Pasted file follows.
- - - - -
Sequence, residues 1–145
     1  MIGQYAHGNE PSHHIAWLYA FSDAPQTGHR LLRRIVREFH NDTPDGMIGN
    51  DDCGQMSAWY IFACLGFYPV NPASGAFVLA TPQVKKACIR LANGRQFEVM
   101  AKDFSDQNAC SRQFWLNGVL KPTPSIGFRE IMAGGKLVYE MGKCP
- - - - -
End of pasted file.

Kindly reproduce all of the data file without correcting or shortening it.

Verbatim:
Sequence, residues 1–145
     1  MIGQYAHGNE PSHHIAWLYA FSDAPQTGHR LLRRIVREFH NDTPDGMIGN
    51  DDCGQMSAWY IFACLGFYPV NPASGAFVLA TPQVKKACIR LANGRQFEVM
   101  AKDFSDQNAC SRQFWLNGVL KPTPSIGFRE IMAGGKLVYE MGKCP